Last Thursday, Kinder Morgan Canada, a subsidiary of Kinder Morgan Inc. (NYSE: KMI), filed documents to come public on the Toronto Stock Exchange (TSX). The initial public offering (IPO) was completed Tuesday morning with the sale of 102.94 million restricted voting shares at a price of C$17.00 per share. Underwriters have an overallotment option on an additional 15.44 million shares.
The preliminary filings were made in late April and the final prospectus was filed May 25. That’s pretty quickly as these things go. And the IPO was completed right after a three-day weekend in the United States, not the best day for an IPO typically.
Kinder Morgan Canada trades on the TSX under the ticker symbol KML, and Kinder Morgan retains ownership of about 70% of the Canadian firm’s stock. If the underwriters exercise their overallotment, Kinder Morgan’s percentage of ownership drops to around 66%.
The stock is off to an inauspicious start, trading down about 4.5% in the noon hour at C$16.24. Shares traded as low as C$15.25 earlier this morning.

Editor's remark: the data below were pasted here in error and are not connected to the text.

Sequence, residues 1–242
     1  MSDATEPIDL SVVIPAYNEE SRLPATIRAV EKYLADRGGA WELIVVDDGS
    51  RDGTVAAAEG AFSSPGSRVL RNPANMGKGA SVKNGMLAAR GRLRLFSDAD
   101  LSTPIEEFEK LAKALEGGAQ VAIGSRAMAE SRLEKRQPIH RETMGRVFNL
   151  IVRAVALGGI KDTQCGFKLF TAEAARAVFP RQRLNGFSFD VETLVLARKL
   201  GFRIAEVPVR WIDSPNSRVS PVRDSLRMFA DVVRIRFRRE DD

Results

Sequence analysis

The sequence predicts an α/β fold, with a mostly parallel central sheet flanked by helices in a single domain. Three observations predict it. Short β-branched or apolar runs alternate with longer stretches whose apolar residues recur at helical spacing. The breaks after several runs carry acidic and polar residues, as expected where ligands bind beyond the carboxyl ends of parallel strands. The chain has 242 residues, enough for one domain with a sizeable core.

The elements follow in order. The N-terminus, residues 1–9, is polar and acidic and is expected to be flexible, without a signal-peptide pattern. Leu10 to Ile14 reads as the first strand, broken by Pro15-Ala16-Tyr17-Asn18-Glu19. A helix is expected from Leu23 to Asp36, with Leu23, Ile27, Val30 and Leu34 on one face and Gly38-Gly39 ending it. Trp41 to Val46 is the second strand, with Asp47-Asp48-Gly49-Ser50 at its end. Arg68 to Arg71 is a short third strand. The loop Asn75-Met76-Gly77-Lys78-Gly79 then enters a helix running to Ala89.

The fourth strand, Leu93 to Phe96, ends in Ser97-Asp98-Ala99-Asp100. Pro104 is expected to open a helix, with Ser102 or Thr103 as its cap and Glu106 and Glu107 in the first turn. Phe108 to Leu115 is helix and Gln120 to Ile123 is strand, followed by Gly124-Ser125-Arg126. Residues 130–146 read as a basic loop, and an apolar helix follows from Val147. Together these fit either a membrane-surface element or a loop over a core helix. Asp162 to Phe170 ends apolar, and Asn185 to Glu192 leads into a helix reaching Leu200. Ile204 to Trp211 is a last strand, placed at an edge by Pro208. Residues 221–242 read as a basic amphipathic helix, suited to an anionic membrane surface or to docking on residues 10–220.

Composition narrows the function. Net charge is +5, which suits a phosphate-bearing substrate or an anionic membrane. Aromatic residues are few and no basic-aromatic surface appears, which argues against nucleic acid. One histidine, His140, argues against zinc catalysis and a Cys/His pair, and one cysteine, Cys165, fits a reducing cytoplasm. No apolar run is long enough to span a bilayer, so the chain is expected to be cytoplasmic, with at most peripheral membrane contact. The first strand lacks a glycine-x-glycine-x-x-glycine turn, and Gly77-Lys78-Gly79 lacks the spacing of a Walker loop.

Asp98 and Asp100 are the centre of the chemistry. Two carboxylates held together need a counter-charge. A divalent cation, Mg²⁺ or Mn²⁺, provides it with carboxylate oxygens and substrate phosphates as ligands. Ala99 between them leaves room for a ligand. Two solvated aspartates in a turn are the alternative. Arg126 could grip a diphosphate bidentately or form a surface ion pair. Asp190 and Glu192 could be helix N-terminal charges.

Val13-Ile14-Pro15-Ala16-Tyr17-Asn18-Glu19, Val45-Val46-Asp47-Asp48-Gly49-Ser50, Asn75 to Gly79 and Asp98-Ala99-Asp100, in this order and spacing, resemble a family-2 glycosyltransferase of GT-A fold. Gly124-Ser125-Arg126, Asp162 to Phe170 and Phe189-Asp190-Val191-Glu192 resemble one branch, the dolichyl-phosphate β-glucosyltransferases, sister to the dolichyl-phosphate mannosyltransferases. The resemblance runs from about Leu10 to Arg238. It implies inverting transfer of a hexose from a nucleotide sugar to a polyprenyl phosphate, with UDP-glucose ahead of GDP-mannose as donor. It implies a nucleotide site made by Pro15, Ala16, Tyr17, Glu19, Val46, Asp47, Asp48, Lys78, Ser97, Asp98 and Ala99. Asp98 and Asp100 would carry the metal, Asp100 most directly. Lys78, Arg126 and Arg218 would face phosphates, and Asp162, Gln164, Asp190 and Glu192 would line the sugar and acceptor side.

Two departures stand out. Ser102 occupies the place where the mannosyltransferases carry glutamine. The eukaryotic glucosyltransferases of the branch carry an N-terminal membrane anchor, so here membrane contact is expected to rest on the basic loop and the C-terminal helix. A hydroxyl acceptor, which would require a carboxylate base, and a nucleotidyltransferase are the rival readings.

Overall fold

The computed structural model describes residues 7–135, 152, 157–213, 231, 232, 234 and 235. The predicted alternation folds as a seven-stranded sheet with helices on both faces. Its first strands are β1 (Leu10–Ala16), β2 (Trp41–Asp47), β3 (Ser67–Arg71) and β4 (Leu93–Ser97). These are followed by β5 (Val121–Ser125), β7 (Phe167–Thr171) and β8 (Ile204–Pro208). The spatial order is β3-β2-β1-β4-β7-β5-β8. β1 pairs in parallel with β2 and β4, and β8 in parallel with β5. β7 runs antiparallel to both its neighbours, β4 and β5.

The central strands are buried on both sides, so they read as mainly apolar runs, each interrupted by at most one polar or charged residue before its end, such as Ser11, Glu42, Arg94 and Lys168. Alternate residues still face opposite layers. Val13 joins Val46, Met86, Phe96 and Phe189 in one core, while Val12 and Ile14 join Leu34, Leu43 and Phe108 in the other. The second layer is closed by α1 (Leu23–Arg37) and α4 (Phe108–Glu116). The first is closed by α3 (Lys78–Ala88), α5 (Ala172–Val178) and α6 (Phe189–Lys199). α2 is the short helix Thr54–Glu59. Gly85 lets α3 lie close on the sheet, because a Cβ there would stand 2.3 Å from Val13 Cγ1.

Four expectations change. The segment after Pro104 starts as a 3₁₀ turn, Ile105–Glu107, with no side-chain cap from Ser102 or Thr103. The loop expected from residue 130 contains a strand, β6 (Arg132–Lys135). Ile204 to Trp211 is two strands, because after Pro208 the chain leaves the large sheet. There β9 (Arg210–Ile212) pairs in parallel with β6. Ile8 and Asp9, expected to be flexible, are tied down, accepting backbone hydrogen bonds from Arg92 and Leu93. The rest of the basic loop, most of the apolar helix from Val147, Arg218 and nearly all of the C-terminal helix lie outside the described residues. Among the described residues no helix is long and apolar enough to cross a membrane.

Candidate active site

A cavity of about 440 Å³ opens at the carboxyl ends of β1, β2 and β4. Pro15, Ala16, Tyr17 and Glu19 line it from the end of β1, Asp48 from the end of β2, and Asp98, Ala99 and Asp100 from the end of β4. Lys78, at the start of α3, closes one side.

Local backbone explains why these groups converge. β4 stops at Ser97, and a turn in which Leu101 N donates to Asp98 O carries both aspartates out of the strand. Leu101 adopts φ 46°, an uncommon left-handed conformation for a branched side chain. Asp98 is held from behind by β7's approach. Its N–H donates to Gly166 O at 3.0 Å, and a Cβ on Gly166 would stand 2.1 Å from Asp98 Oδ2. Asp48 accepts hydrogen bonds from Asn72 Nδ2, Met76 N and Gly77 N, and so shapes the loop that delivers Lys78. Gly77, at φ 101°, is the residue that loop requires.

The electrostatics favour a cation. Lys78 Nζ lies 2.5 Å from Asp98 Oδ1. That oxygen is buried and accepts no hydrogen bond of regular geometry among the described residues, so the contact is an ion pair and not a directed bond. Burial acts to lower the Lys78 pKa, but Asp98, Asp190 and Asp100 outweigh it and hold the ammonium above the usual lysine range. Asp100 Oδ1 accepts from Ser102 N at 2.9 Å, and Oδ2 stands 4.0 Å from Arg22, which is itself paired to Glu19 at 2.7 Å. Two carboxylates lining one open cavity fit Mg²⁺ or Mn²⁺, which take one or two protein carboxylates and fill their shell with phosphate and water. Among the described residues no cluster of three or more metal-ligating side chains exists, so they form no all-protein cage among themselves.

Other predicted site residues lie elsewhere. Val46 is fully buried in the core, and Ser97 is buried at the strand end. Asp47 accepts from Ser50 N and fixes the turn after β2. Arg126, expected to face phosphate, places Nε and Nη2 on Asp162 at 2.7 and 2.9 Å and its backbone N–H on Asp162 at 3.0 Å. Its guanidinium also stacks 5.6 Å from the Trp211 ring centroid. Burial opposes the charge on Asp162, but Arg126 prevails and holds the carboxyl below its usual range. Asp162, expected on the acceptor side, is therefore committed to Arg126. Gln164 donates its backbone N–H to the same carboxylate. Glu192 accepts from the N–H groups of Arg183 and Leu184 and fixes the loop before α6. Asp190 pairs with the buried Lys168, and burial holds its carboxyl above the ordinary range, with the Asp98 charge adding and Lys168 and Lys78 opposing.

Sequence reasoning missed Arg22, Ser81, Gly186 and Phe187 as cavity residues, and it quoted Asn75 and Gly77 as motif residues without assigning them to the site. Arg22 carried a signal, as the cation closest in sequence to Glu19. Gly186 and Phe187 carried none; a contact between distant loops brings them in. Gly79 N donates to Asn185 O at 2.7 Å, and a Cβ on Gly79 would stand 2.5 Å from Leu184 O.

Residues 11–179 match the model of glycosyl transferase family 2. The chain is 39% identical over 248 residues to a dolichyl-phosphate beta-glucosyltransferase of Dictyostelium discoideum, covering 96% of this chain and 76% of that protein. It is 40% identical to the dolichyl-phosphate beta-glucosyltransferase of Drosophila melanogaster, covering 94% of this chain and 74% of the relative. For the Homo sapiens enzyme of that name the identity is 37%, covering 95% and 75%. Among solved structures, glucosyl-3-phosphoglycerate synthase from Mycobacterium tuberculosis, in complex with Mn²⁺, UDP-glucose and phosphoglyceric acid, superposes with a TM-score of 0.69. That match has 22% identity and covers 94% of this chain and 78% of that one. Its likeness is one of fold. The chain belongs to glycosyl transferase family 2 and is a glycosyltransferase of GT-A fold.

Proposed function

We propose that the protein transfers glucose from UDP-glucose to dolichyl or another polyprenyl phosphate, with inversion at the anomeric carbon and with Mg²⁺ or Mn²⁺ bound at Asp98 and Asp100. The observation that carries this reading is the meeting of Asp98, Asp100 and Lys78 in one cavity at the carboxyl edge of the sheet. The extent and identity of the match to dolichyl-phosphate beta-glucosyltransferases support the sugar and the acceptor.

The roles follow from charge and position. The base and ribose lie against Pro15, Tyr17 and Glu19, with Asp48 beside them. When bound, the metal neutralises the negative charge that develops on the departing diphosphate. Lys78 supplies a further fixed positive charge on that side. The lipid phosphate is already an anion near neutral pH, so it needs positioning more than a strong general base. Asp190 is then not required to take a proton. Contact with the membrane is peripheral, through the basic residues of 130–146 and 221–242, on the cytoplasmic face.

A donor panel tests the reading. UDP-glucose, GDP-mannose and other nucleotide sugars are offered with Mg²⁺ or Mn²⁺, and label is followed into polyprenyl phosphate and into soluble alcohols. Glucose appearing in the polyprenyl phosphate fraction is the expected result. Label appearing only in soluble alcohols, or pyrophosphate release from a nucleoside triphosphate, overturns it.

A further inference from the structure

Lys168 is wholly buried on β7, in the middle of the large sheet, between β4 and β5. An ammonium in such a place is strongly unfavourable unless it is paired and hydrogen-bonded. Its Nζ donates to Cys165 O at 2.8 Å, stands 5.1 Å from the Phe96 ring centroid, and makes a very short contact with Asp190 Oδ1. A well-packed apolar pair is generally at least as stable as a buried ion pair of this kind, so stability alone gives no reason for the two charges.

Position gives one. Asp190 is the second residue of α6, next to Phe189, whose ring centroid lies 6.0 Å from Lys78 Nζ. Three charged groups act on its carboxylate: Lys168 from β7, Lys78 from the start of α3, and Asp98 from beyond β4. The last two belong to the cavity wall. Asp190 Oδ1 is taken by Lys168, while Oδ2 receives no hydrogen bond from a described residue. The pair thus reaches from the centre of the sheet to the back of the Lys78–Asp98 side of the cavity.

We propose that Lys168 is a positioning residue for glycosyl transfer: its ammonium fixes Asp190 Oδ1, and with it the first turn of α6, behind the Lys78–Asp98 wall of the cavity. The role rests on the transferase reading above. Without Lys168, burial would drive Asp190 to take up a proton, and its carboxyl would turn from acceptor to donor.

Gross proceeds from the IPO were expected to reach C$1.75 billion (about U.S.$1.3 billion), and the lion’s share of the funds are directed to the expansion of the Trans Mountain pipeline from its current capacity of 300,000 barrels a day to 890,000 barrels. The federal government and prime minister Justin Trudeau approved the pipeline project earlier this year, but opposition remains.
For one thing, the British Columbia provincial government headed by the Liberal party supported the expansion of the Trans Mountain pipeline, but the party lost a recent election and the winning New Democratic Party (NDP) party has formed a coalition government with the Canada’s Green party. Neither supported the pipeline expansion.
The expansion project already is hampered by at least a dozen legal challenges, all on different grounds, and at least some of the country’s First Nations have also aligned themselves against the project. In its final prospectus, Kinder Morgan Canada even noted:
A prospective investor should carefully consider each and every one of the risk factors set out below. In addition, prospective investors should carefully review and consider all other information contained in this prospectus before making an investment decision. An investment in Restricted Voting Shares should only be made by persons who can afford a significant or total loss of their investment.
This is often just boilerplate. In this case, there are, indeed, significant risks. The biggest may be funding. Gross proceeds of C$1.75 billion are a small part of the overall estimated C$7.4 billion Trans Mountain expansion project.